The life & Legacy of
In?Life Cycles, Debbie stated:When disaster befalls us, we have the option to withdraw or to attempt to transform the experience into a teacher for ourselves, our friends, our families, and our communities.?Our personal disaster may not only be our gift, it may sometimes be another?s gift as well. It is our obligation to discover these gifts and give them to others.
Her understanding of the community?s role in the healing of the individual drove Debbie to be a leader in modern Judaism?s healing movement.
Of Debbie's care for the ill, the Jewish Week quoted John Ruskay of the UJA-Federation of New York:
[Debbie] was our teacher in front of thousands at communal conferences and concerts around the world... [Q]uite remarkably, Debbie was also available at the bedsides of those who were ill; convening healing services for the terminally ill, to provide an infusion of inspiration and courage.
A NOTE FROM DEBBIE WE ARE POWERFUL. It is hard to remember that. Sometimes, life takes it turns into the unknown and presents us with challenges we would have preferred not to encounter under any circumstances. Suddenly, we are confronted with our pain. It is a strange thing that pain creates beauty and potential for healing.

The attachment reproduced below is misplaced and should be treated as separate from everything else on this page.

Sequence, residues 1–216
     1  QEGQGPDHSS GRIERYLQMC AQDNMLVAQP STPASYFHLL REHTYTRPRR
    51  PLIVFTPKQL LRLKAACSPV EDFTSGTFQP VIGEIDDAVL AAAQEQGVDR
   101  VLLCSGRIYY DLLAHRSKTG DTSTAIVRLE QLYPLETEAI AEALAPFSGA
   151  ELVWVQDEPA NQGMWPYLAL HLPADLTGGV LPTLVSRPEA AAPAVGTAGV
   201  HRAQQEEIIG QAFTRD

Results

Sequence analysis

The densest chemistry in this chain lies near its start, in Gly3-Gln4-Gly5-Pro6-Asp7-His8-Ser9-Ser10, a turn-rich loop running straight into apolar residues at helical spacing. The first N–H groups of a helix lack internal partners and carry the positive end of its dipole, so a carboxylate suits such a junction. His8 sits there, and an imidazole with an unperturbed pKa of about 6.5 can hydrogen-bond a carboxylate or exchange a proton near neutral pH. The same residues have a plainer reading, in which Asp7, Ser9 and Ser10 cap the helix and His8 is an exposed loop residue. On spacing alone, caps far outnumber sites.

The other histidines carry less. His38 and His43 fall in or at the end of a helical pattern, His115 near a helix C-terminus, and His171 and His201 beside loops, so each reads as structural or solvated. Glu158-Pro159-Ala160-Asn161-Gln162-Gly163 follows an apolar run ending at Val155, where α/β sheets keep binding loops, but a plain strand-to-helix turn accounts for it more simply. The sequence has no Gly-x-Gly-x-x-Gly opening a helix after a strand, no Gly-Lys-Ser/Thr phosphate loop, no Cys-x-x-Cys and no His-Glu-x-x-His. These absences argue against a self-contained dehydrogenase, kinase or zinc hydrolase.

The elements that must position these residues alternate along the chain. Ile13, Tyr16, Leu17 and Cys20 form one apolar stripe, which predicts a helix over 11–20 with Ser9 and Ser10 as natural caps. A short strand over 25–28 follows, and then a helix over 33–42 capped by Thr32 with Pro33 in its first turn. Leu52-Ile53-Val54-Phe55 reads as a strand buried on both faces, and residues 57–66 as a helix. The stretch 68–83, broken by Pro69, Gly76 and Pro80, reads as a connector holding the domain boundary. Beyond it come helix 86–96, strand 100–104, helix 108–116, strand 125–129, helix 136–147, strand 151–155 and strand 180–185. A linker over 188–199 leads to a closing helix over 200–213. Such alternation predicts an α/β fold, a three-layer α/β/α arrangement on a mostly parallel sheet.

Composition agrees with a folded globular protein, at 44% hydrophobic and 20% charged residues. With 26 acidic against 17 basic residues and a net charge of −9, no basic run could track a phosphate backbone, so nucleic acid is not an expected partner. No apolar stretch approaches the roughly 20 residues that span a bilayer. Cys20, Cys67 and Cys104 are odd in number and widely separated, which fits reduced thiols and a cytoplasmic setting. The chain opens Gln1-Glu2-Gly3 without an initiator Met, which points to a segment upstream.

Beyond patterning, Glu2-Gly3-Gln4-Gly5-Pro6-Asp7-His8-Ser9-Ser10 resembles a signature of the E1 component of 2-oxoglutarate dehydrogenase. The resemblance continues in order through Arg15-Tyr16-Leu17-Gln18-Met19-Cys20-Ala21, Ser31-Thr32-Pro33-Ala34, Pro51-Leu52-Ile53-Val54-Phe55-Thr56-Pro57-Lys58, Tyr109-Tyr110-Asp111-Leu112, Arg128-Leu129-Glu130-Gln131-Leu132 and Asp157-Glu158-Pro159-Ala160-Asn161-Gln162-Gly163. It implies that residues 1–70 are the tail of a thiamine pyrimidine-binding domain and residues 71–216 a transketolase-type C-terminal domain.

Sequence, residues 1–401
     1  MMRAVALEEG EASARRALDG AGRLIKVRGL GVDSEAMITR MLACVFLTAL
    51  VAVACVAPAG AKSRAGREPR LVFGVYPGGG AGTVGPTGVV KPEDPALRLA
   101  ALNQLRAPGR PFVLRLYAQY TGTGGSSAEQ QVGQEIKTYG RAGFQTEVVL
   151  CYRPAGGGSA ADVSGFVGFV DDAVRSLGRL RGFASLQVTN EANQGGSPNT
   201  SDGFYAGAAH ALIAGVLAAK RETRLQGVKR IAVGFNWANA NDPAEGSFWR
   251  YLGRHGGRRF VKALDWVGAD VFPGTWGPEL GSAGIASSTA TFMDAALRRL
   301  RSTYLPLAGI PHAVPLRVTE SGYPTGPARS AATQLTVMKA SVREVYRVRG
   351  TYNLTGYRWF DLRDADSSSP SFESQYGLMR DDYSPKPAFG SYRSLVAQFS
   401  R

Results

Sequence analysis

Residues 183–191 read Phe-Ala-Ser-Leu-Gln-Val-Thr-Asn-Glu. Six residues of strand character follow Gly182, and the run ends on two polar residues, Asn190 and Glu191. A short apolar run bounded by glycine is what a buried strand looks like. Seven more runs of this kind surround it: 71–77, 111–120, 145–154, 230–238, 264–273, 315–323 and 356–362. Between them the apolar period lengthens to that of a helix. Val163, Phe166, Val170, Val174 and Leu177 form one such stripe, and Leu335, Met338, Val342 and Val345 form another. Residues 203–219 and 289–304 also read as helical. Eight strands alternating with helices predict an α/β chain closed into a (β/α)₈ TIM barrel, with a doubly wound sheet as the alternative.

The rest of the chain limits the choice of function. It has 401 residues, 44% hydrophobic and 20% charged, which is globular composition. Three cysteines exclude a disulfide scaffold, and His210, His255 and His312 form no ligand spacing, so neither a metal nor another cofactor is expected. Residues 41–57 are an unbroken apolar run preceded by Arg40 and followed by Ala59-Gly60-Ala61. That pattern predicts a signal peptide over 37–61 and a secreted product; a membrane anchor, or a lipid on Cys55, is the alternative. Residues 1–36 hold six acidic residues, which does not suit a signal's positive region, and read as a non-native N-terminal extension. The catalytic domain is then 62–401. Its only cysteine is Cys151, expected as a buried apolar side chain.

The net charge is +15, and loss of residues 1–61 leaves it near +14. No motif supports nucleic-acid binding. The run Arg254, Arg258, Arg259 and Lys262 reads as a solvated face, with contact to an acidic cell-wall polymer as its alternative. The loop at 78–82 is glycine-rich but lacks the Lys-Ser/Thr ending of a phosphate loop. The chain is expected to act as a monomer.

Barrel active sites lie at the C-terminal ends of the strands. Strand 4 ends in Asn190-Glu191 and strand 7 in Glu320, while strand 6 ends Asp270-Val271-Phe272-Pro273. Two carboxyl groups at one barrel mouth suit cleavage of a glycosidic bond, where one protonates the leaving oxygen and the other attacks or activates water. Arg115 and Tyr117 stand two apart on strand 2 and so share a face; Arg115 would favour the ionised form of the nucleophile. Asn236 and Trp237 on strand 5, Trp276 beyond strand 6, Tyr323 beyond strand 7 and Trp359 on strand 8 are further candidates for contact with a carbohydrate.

During an interview, Debbie recounted experiences of those in need of physical, spiritual, and emotional healing:
There is the woman wearing a tichel, who sits with her child at her side. She holds her daughter close to her side, mouthing the words to the prayers. It is clear that she is not wearing that tichel because she is observant.
There is a man in a beautiful Armani suit. His head is in his hands. He is sobbing. His wife just died. He lifts his head. Tears are rolling down his cheeks. He is inconsolable. He is lost in his pain. He is naked and exposed. Where will he go? How will he find any place where he can silence the sounds of the tears rolling off his cheeks?
Cheryl Friedman, Debbie's older sister, shares the following account, from the end of Debbie's life, as a poignant illustration of the crucial role the Mi Shebeirach plays for many modern Jews. There are moments that shatter the souls of those facing the death of a loved one or one's own death -- and myriad other of life's profound losses: